We are satisfied that the waiver was procedurally proper. It was obtained following a full waiver colloquy and appellant concedes he completely understood the right he was waiving. Appellant's brief, page 9. Candia argues that his conscious waiver was ineffective because it was based upon the faulty advice of his trial counsel.
Original counsel told appellant that he should seek a non-jury trial because Candia's language difficulties -- Spanish/English -- his ethnic background -- Latin-American -- and the probability that no persons from similar cultural backgrounds were likely to appear in the jury. We are unwilling to hold this strategy lacked "some reasonable basis designed to effect" appellant's interests, Commonwealth ex rel. Washington v. Maroney, supra. (Emphasis added.)
Candia charges that his original counsel improperly extracted testimony from him -- regarding previous crimes -- which subjected him to Commonwealth questioning which drew his character into disrepute. Candia answered original counsel's questions with the understanding that their purpose was to cause Candia to demonstrate his honest recollections of past criminal acts. In this fashion, appellant was to prove himself credible. Appellant, however, was subjected to cross-examination which ridiculed his character with the introduction of his past drug-related criminal activity. Appellant's counsel objected strenuously but to no avail. The trial court permitted the Commonwealth's line of questioning.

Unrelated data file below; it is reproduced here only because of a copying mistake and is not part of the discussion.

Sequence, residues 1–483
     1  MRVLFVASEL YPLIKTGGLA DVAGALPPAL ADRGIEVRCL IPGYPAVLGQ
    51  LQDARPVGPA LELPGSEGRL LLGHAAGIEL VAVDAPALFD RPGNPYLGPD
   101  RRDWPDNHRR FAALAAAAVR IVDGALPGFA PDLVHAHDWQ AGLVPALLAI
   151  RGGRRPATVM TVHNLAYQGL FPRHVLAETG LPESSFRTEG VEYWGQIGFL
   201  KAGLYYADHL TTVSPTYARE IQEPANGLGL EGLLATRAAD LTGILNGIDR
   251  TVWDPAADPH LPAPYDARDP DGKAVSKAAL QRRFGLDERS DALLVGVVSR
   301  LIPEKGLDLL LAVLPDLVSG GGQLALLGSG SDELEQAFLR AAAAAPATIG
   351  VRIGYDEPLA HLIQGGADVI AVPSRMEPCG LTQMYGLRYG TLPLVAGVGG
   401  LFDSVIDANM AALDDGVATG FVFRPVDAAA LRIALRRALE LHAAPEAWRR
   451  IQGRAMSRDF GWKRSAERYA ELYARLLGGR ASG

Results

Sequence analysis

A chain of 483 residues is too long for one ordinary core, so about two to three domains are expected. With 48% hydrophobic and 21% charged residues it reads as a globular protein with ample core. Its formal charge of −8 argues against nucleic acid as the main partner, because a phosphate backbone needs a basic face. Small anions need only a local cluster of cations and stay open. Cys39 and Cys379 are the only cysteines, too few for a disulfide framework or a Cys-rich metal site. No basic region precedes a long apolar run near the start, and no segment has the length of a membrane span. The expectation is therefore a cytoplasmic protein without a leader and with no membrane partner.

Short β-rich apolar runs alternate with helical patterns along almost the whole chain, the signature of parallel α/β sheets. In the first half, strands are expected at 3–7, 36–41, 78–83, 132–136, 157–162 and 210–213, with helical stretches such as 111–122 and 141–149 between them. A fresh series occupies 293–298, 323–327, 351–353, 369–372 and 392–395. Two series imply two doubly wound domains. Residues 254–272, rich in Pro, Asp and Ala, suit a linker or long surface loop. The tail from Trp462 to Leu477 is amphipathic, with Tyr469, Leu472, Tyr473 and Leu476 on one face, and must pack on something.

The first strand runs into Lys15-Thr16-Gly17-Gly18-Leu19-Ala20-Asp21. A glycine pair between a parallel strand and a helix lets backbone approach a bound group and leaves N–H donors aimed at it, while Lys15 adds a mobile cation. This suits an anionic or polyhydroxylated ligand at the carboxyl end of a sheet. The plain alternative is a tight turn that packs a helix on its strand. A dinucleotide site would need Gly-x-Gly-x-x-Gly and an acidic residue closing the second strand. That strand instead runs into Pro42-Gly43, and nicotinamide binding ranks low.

[ 286 Pa. Super. Page 288]
A defendant's past criminal activities may not be used to impeach him so long as he has not taken the stand and thereby not opened the door to cross-examination. Even if a defendant takes the stand, there are circumstances where the Commonwealth is not allowed to enter within the area where defendant's credibility is sheltered, however, no such circumstance exists in the instant case.
The direct examination of the appellant disclosed the following testimony:
Q. You have heard testimony given yesterday that stated that you made a drug sale, the transaction of heroin, four packets in here, to a Mrs. Bonnie Johnson on the 16th of February, 1978. Did you, in fact, sell drugs to that lady?
A. No, sir.
Q. Mr. Candia, have you ever been convicted of a crime before?
A. Yes, sir.
Q. When was that and what was involved?
A. That was in 1973, and it was -- I plead guilty on a charge, a marijuana charge.
The crime described by the appellant is not a crimen falsi offense and therefore the procedures established in Commonwealth v. Bighum, 452 Pa. 554, 307 A.2d 255 (1973) are inapplicable.